Fifty-year-old Glenn Johnson is paid about $14,000 a year working at a Miami-area Burger King, just minutes away from the fast food company's corporate headquarters. The company recently reported a 37 percent increase in its quarterly profit.
Johnson has worked at Burger King since last year, cleaning and stocking the customer area. Nationwide, activists are seeking a $15 wage for fast food workers like Johnson. This is his story.
I first got into the fast food industry in 1983. So I know lots about fast food, short order, prep cook, cook, all that. So many places, they don’t want to pay anything. If I could get the right salary, I’d be glad to get back into just cooking. Those opportunities are slim to none.
A typical day is like hell. Pure hell.
I’m running backwards and forwards all day in that lobby, opening the door for the bathroom, the men’s and the women’s, then I’m making sure the table’s cleaned, and you’ve got people in there that leave their stuff on the table, paper stuff scattered everywhere, you’ve got someone wasting soda, then I have to check the garbage, then I’m trying to fill the ice machine, and here comes somebody coming in and they want to use the restroom.
Sometimes, I get home and I’m so tired, I eat dinner, take a shower, lay down to watch TV, and I’m going to sleep. Next morning comes. I’m tired, but I'm trying to make it.
If I don’t take a day off, I probably get around 35 hours a week. I would like anywhere from 40 to 50 hours a week. There are no benefits. I’m getting ready to come up on a vacation. You don’t get paid for vacation, so I might as well just work it.
I don’t have health insurance because I don’t have enough money to get health insurance.
If I’ve got a cold or something, I go get some cold medicine, or some Tylenol or something. Take that, and just go on to work. I don’t have money for a hospital. You go to the hospital, they type you up on that computer, and that’s $1,000 right there. Then what? They bill you. I can’t do it. I get some Cold-Eeze or some kind of Tylenol Cold or something. I’ve got that Vicks VapoRub, I use that and go about my business.
I make $7.93 per hour. I haven’t gotten a raise yet.
The stuff I have to go through and deal with every day, the attitudes and all, I figure the money they’re paying me, with the customers -- what they’re saying and what they’re calling me -- it’s not worth it.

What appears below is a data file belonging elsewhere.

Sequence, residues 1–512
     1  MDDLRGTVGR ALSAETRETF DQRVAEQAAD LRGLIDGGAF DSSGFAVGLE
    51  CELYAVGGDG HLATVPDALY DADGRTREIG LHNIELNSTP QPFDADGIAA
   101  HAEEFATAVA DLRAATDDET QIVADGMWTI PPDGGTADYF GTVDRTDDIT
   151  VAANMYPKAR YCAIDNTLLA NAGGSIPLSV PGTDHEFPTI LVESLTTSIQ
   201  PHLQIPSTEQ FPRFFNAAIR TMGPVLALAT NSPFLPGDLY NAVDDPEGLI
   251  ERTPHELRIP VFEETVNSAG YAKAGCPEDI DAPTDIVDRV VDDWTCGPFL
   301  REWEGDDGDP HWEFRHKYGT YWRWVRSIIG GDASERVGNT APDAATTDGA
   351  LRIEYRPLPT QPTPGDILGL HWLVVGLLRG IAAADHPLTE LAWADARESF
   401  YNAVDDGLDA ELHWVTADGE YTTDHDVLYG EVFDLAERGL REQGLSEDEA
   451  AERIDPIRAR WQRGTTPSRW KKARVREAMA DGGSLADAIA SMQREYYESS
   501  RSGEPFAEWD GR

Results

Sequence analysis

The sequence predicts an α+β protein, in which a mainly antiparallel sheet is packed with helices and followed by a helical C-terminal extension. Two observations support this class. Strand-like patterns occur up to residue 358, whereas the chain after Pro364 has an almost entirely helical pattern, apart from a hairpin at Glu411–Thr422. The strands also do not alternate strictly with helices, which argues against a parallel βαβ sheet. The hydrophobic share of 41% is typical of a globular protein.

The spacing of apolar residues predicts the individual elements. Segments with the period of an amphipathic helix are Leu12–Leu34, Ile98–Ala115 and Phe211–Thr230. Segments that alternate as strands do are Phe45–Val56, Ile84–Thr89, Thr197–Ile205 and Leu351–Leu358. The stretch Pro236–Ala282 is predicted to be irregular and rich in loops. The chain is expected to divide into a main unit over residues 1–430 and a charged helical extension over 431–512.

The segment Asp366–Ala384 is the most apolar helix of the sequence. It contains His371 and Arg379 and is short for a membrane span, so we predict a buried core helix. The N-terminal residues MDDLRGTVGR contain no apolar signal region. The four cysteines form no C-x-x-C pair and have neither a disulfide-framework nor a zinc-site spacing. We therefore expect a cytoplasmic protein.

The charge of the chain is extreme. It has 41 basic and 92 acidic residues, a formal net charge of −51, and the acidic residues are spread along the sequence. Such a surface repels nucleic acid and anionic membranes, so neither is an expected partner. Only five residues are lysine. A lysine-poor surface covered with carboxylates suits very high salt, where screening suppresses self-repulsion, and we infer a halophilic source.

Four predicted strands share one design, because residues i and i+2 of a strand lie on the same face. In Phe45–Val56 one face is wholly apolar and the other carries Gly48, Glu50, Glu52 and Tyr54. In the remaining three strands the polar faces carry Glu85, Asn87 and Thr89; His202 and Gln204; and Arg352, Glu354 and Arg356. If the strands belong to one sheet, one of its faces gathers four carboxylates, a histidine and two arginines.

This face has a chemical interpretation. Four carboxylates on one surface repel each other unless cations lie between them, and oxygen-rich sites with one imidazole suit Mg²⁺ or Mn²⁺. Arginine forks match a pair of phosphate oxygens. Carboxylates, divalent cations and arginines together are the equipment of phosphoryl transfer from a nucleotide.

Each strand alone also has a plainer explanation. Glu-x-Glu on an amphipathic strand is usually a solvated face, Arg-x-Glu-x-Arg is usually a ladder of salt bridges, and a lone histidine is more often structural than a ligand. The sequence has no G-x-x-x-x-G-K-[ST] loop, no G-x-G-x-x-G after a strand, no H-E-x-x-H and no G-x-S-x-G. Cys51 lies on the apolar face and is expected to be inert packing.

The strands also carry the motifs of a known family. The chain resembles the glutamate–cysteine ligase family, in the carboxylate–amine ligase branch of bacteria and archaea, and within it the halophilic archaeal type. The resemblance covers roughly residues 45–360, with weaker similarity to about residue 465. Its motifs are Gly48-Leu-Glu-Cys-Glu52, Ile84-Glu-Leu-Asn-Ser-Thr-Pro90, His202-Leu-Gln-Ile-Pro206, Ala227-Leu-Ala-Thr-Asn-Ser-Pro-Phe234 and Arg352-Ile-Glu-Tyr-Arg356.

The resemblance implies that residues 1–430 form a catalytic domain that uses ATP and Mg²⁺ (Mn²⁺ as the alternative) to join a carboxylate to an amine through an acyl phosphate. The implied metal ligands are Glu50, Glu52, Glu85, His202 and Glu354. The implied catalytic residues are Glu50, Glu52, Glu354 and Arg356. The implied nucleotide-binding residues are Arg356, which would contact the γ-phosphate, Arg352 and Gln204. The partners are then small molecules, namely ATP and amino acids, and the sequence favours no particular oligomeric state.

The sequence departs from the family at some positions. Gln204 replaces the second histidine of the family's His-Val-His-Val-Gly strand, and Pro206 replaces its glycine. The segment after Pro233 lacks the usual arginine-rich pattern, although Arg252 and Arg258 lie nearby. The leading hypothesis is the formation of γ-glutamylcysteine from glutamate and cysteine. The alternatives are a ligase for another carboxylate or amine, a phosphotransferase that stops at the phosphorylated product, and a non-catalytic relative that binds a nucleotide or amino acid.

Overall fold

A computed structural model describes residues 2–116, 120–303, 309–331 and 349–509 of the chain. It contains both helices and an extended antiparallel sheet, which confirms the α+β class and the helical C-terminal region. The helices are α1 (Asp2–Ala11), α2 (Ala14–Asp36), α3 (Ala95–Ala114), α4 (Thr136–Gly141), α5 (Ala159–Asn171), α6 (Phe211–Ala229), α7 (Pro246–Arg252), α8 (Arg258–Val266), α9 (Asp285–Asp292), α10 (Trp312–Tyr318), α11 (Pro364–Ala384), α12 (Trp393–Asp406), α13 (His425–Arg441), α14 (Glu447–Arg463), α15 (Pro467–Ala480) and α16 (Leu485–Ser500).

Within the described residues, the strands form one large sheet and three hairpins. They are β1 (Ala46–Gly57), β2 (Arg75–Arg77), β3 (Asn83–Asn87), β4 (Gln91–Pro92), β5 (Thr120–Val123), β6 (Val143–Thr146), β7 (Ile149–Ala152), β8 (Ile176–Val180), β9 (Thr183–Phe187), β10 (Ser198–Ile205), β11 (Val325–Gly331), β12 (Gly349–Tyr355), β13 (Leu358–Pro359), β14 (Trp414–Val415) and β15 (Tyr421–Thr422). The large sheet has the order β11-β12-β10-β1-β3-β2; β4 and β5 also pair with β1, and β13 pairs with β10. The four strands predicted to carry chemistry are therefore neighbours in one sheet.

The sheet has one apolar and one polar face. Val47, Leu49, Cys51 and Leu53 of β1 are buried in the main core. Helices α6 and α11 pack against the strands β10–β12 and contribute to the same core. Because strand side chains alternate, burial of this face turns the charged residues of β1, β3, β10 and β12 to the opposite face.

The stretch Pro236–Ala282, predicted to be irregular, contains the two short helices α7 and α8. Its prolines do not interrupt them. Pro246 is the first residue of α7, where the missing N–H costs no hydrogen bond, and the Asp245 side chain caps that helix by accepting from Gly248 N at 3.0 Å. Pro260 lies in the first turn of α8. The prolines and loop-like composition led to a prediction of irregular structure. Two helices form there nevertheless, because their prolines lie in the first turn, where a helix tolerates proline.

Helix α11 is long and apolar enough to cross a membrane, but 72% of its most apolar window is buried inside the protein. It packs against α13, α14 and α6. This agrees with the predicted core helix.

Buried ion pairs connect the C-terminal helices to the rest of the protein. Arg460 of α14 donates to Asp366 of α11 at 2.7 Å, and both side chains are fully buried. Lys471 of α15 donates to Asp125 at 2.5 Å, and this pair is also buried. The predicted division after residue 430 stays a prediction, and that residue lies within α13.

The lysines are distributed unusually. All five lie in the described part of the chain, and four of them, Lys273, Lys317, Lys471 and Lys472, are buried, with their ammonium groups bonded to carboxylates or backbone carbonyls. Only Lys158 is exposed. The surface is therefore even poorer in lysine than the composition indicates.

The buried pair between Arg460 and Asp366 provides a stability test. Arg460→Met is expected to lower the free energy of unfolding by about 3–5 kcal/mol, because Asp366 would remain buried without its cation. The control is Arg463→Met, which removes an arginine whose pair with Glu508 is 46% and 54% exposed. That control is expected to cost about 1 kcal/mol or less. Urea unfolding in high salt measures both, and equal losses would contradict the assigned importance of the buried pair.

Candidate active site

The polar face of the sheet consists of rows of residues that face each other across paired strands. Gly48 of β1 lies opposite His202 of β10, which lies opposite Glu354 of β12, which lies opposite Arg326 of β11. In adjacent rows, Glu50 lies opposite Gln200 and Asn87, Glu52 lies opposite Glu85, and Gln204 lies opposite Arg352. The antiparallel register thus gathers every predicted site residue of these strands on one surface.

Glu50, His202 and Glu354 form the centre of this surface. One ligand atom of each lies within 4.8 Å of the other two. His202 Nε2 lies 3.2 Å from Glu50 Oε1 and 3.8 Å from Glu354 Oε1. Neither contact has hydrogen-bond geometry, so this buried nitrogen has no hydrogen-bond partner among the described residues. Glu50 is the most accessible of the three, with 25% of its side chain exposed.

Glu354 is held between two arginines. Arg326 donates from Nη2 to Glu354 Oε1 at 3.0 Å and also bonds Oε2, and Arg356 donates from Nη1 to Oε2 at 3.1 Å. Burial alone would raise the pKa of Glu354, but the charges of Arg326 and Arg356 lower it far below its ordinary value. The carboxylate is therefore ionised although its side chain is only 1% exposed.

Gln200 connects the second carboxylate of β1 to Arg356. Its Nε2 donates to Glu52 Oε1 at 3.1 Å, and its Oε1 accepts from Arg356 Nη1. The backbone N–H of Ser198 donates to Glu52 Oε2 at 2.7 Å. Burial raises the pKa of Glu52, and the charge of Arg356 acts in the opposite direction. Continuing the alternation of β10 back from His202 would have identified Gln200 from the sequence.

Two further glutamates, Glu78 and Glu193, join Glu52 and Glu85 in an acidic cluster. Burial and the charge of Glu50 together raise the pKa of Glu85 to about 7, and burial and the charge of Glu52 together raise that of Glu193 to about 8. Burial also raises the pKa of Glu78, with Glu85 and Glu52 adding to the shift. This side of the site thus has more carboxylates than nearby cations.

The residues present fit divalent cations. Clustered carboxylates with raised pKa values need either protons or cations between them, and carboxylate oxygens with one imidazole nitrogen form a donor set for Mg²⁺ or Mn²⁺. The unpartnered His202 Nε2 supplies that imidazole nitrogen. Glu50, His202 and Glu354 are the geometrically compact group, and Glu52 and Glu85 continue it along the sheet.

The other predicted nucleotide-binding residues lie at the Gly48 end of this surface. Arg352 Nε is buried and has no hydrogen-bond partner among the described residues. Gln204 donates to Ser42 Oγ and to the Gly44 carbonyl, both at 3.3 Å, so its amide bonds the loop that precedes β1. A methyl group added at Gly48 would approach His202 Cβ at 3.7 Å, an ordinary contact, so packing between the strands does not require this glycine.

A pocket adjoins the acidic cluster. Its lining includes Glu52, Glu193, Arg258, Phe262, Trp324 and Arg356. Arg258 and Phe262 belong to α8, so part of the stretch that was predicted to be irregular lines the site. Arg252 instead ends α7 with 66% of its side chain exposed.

[The managers] are young and they’re good at cursing you out ... I think the youngest one is about maybe 18. The oldest, 26. In management! I have to let them know, "I ain’t no child. You’re old enough to be my child. You aren’t going to talk to me like a little child. You talk to me like an adult, and we can get along just fine." I tell them that all the time.
My rent is $765 a month. Rent takes up three weeks plus [in pay]. It’s real tight; there’s not much left over. I have to put gas in the car to go to work. I figure if I can’t [afford something], I just have to do without until I can find a better job, a better pay.
I don’t have a computer [to look for jobs]. If I’m out on a Saturday and I see something, maybe I’ll get their phone number or something like that. Sunday, we’re in church.
I would love to see the wages get raised. But man, they’re so cheap. That’s a multimillion-dollar corporation, Burger King, and they’re so cheap. They’re real cheap.
A lady came in [to Burger King] – she’s from church, her husband’s a pastor -- she came in there with another lady and was talking about [a $15 minimum wage]. And I had heard about it on the TV … and I said, "Yeah I like that, if I can get it. That’ll be good for me." That’ll take me off the borderline and I could see my way through paying my rent -- and I have a light bill, I have cable, I have two cars out there that need gas. It’s tight. I tell my wife she might want a new dress or something.
Everything’s going up but the wages. You go in the store and get one tomato; that’s damn near almost 2 dollars. Gas is going up, the groceries are going up. They just went up on the lights, what, 5 percent? People around here are struggling; it’s hard. It’s really hard.
If the CEO of Burger King was sitting here right now, I’d tell him I need a raise. More money, more hours. Simple as that. Because with the little hours I get, and that little pay I get, and I’m dealing with those customers all day coming in there, it’s really not worth it.
But I just keep on pushing. I just keep on. I know it’s hard, but I’ve got to do it.
As told to Janie Campbell. Glenn's story has been edited for length and clarity.
In response to Glenn's story, Burger King said in an emailed statement that the company "provides an entry point into the workforce for millions of Americans." The company did not respond to questions concerning their benefits and scheduling policies.